7. Berrigan D, Troiano RP, McNeel T, Disogra C, Ballard-Barbash. Active transportation increases adherence to activity recommendations. Am J Prev Med. 2006;31:210-6. [ Links ]
8. Teixeira e Seabra AF, Maia JA, Mendonça DM, Thomis M, Caspersen CJ, Fulton JE. Age and sex differences in physical activity of Portuguese adolescents. Med Sci Sports Exerc. 2008;40:65-70. [ Links ]
9. Hallal PC, Wells JC, Reichert FF, Anselmi L, Victora CG. Early determinants of physical activity in adolescence: prospective birth cohort study. BMJ.2006;332:1002-6. [ Links ]
10. Ceschini FL, Florindo A, Benício MH. Nível de atividade física em adolescentes de uma região de elevado índice de vulnerabilidade juvenil. Rev Bras Cienc Mov. 2007;15:67-78. [ Links ]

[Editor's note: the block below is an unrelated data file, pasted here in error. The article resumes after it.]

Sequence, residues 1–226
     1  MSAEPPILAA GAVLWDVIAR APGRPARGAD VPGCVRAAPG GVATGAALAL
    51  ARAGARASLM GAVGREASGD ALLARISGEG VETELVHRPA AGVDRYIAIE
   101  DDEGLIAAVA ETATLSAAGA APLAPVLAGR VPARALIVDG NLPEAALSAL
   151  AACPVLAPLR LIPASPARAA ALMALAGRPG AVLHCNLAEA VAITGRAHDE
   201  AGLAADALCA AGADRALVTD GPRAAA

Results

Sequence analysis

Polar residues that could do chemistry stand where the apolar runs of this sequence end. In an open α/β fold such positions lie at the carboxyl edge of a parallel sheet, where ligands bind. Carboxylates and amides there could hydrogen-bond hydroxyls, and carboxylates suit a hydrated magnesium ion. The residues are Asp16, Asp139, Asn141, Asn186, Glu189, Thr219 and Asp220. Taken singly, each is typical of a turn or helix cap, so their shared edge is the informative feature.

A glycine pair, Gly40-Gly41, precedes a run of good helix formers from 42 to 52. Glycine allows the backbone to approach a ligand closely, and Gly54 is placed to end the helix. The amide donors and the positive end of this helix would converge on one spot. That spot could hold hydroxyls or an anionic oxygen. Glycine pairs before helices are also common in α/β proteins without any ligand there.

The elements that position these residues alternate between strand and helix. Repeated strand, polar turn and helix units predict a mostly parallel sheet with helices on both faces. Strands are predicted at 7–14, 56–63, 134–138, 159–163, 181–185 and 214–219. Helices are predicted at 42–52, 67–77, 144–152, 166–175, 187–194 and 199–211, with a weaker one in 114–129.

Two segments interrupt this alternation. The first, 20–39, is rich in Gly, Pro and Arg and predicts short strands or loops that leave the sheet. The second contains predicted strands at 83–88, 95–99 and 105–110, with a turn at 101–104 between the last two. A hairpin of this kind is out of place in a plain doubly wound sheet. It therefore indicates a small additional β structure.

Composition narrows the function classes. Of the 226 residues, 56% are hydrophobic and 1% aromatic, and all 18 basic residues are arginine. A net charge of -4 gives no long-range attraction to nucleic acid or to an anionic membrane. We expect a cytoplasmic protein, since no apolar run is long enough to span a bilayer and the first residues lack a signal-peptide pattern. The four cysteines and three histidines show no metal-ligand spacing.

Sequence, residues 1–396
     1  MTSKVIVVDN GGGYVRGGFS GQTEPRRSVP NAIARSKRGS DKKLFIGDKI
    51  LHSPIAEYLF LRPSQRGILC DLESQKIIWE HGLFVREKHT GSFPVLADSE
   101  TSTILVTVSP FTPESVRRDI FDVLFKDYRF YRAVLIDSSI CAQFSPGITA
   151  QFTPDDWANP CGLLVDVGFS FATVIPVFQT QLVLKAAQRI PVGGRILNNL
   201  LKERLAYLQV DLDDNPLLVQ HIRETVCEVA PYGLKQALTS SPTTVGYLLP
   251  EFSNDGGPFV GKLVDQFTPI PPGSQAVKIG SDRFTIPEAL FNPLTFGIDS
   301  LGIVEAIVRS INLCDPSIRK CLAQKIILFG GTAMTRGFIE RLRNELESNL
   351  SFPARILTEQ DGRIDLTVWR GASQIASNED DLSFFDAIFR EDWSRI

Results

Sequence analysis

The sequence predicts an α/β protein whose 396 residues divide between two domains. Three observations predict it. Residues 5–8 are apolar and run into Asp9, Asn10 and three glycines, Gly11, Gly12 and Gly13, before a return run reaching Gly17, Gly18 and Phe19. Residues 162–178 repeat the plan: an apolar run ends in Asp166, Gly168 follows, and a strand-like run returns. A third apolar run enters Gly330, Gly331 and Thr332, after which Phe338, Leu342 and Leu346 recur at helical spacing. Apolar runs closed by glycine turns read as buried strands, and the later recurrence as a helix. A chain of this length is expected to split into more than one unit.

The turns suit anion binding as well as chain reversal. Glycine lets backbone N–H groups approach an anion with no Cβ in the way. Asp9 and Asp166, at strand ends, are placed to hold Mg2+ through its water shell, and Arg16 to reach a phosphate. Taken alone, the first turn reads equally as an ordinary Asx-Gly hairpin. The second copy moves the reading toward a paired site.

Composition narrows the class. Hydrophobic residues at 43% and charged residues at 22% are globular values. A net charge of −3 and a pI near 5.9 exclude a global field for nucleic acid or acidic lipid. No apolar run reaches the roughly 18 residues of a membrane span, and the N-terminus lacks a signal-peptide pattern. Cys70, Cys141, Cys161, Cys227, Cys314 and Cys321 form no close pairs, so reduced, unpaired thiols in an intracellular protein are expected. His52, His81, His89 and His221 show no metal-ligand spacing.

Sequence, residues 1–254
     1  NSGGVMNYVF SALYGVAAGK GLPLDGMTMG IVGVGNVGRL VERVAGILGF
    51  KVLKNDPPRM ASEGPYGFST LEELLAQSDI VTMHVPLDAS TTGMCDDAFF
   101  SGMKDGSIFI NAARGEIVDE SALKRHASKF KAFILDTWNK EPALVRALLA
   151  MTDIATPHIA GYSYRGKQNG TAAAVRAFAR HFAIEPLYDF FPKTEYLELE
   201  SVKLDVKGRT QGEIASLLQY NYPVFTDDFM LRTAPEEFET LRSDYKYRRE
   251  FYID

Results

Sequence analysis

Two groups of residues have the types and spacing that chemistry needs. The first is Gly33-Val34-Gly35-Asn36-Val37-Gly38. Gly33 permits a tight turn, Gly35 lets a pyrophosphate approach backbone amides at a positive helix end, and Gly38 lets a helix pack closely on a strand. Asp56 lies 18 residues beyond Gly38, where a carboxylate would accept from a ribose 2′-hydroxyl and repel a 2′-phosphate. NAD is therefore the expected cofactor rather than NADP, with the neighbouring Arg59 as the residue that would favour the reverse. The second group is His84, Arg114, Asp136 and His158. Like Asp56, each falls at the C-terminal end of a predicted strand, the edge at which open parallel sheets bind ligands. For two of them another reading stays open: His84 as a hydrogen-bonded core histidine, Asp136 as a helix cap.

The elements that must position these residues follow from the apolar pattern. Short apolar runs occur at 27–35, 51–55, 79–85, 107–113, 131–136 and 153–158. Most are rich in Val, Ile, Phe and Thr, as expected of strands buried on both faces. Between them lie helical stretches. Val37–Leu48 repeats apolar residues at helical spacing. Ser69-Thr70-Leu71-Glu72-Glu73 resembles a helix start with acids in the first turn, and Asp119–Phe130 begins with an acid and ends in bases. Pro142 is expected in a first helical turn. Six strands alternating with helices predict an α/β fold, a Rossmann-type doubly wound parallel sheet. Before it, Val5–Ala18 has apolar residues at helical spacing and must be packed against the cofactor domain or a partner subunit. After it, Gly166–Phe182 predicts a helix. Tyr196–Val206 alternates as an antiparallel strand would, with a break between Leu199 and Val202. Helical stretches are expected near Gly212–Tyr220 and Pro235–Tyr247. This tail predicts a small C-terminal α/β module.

11. Ceschini FL, Figueira Júnior AJ. Prevalência de atividade física insuficiente e fatores associados em adolescentes. Rev Bras Cienc Mov. No prelo 2009. [ Links ]
13. Associação Nacional de Empresas de Pesquisa (ABEP). Critério de classificação econômica Brasil. São Paulo: Associação Nacional de Empresas de Pesquisa; 2003 [ Links ]
14. Matsudo S, Araújo T, Matsudo V, Andrade D, Andrade E, Oliveira LC, Braggion G. Questionário Internacional de Atividade Física (IPAQ): estudo de validade e reprodutibilidade no Brasil. Rev Bras Ativ Fis Saúde. 2001;6:5-18. [ Links ]
15. Guedes DP, Lopes CC, Guedes JE. Reprodutibilidade e validade do Questionário Internacional de Atividade Física em adolescentes. Rev Bras Med Esporte. 2005;11:151-8. [ Links ]
16. Amorin PR, Faria RC, Byrne NM, Hills AP. Physical activity and nutritional status of Brazilian children of low socieconomic status: undernutrition and overweight. Asia Pac J Clin Nutr. 2006;15:217-23. [ Links ]
17. Brasil.Ministério da Saúde. Questionário de Avaliação das Condições de Saúde, Nutrição e Atividade Física. 2004, portaria n° 2,246, DOU n° 2, seção 1, p:28-9. [ Links ]
18. Victora CG, Huttly SR, Fuchs SC, Olinto MT. The role of conceptual frameworks in epidemiological analysis: a hierarchical aprroach. Int J Epidemiol. 1997;26:224-7. [ Links ]